[00:03:20] Sarah: I’ve seen things online about that as well. And  mom’s taking pictures of them, like changing their, larger grown child on the floor they carry a blanket with them and because they’re like, otherwise they’d have to go back home. There are a lot of people who are older, who can’t fit in those baby things anymore because they probably weren’t designed in that way. 

[00:03:42] Tiffany: Or even just a dedicated space, maybe not adding in a whole, another piece of equipment, but just like a dedicated, larger space that’s kept clean and is only for that kind of thing. Or even, um, nursing mothers or something, you know, like those kinds of things where you kind of need that extra space, but not everyone should just go in there cause then it would be dirty. 

[00:04:02] Sarah: You know, they would need a lot of space to kind of lay things and same thing with nursing mothers who have a big bag of stuff. So, I mean, it may work for the same type of thing. 

[00:04:12] Lauren: This example, she gives really mirrors some of the challenges and unsanitary conditions experienced by the mom from the Facebook post I mentioned earlier. Tiffany and Sarah discussed an interesting point about the benefits of a multi-use area, such as a family bathroom, for both caregivers to complete their client, or loved ones toileting tasks, and also for mothers who are breastfeeding and wanting a private area to do so. While having a changing table that could hold the weight and size of an adult would be helpful addition to a public restroom, a separate room such as a family room would be ideal, especially when the caregiver and individual needing assistance are different sexes, as in the case with husband and wife pair, Donna and Don Shiflett. Donna Shiflet has post-radiation plexopathy, which is a neurological impairment of the peripheral nervous system caused by radiation therapy.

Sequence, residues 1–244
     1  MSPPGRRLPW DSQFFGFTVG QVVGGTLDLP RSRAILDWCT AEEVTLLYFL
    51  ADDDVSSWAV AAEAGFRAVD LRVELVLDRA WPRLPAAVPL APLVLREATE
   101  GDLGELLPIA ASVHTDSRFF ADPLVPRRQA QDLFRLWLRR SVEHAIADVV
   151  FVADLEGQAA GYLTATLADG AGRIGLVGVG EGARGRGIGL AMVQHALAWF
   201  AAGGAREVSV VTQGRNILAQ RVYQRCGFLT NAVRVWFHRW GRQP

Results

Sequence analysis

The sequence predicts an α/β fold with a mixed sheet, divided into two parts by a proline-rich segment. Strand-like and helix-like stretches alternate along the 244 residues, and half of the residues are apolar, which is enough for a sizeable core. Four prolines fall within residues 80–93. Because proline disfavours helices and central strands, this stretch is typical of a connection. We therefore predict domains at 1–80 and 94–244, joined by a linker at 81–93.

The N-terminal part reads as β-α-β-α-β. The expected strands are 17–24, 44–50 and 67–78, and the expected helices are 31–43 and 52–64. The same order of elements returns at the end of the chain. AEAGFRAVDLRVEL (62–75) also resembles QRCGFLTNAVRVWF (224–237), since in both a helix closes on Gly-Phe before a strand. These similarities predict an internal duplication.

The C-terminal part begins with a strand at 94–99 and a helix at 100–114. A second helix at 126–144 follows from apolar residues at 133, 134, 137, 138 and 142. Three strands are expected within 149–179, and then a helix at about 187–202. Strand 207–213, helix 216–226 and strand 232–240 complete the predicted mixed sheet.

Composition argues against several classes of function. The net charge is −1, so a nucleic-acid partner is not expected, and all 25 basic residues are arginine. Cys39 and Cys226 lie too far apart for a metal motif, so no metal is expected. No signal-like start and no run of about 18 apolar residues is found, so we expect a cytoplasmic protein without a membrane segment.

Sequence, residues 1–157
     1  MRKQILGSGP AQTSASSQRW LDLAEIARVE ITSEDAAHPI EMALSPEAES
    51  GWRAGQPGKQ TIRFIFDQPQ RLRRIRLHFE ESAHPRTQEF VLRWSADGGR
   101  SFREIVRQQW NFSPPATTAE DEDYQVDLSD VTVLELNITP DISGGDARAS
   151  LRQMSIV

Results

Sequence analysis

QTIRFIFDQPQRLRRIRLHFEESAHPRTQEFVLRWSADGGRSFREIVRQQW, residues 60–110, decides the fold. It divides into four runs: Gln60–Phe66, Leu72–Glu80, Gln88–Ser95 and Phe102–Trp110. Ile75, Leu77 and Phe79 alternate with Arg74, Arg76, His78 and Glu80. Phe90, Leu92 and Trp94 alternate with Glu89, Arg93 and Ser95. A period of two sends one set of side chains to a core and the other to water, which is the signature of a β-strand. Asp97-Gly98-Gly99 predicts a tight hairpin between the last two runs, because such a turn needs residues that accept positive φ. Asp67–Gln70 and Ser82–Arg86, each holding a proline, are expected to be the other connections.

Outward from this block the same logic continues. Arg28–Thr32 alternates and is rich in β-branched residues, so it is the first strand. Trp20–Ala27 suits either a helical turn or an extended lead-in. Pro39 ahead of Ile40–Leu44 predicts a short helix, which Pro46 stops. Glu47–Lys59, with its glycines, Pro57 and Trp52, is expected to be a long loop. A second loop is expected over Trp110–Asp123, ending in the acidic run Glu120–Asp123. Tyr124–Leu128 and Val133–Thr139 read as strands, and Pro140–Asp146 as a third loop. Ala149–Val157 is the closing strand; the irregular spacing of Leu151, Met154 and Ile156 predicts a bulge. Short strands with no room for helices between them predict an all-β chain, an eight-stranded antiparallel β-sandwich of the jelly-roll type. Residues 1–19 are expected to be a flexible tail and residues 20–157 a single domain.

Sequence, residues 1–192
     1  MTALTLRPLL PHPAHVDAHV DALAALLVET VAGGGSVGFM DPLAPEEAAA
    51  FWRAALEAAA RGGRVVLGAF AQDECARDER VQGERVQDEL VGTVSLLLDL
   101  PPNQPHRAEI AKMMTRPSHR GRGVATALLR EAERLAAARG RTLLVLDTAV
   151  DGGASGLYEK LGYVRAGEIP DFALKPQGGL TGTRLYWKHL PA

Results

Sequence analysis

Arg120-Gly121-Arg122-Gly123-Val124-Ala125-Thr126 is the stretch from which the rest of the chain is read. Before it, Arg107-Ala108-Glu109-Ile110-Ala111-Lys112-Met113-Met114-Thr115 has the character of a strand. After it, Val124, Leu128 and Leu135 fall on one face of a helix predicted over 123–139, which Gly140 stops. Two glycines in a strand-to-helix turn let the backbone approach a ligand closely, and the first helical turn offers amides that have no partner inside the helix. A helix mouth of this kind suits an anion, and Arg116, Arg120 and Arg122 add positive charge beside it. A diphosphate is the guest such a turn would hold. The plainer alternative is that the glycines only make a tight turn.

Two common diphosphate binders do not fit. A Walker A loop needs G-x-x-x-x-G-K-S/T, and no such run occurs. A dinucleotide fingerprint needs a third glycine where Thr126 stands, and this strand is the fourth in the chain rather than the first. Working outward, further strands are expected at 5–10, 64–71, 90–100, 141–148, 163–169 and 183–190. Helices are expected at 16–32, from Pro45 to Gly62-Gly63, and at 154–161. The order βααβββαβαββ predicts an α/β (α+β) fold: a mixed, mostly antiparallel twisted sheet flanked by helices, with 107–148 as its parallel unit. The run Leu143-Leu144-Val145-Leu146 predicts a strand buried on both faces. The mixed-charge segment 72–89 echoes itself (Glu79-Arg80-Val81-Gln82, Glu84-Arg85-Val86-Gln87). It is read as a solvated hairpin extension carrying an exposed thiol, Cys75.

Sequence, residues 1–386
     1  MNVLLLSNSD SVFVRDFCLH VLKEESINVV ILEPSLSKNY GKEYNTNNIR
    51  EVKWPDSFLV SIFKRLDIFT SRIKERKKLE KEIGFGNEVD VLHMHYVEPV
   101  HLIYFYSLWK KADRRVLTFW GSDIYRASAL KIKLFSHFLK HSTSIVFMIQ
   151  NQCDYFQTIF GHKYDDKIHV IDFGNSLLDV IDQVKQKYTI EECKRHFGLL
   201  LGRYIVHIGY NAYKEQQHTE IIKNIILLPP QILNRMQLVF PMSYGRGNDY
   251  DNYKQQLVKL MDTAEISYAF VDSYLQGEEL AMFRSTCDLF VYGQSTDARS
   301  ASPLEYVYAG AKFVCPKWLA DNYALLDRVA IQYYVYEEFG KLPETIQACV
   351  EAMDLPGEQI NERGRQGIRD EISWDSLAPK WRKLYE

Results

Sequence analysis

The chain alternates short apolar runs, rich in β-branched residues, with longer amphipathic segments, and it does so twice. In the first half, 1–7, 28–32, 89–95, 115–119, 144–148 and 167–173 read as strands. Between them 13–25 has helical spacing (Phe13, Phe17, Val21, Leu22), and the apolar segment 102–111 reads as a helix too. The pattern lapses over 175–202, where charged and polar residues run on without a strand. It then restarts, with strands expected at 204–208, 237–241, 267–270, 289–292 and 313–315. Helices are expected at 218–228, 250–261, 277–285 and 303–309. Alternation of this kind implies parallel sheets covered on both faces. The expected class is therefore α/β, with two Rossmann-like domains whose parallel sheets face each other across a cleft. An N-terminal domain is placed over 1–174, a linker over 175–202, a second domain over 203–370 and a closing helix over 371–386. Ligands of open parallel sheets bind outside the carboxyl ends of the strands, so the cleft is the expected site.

[00:05:05]Donna requires assistance from her husband to complete safe transfers, but as you’ll hear, this can be tricky where there are no family or gender neutral bathroom options avaliable. 

[00:05:16] Sarah: Yeah. I mean, if you don’t have another person there, it’s tricky. Very tricky. Yeah. 

[00:05:22] Don and Donna:  And for, if you go out, uh, to, in public, you know, I’m a guy and she’s a woman, so I don’t usually go into the ladies room and that would be, that can be disconcerting for other people. Um, so unisex bathrooms might be a good thing for disabled people. 

[00:05:42] Sally: I like that this example really brings to light the need for gender neutral bathrooms to accommodate the caregiver and the person with a disability. I spent some time each week with an 11 year old boy with autism and when I have to take him to the bathroom, I take him with me into the women’s restroom. Although, I don’t mind doing this and he doesn’t seem to either, we do sometimes get puzzled looks or a little bit of judgment because he does look old enough to use the restroom independently and also, autism is considered an invisible disability. So, people might not understand why he’s with me. Having a gender neutral option would help everyone in this situation feel more comfortable. I wouldn’t have to worry about the judgment or explaining to people why he needs to be with me and other people, maybe those who aren’t as understanding, wouldn’t have to feel uncomfortable about a young boy being in the women’s restroom. And this only gets more complicated when you’re talking about adults. People may be more understanding of my situation because the child I’m with is still pretty young, so it’s easier to imagine that he may need help. But, as Don mentioned, it can feel weird as an adult breaking those boundaries and can also be disconcerting to others using that public space.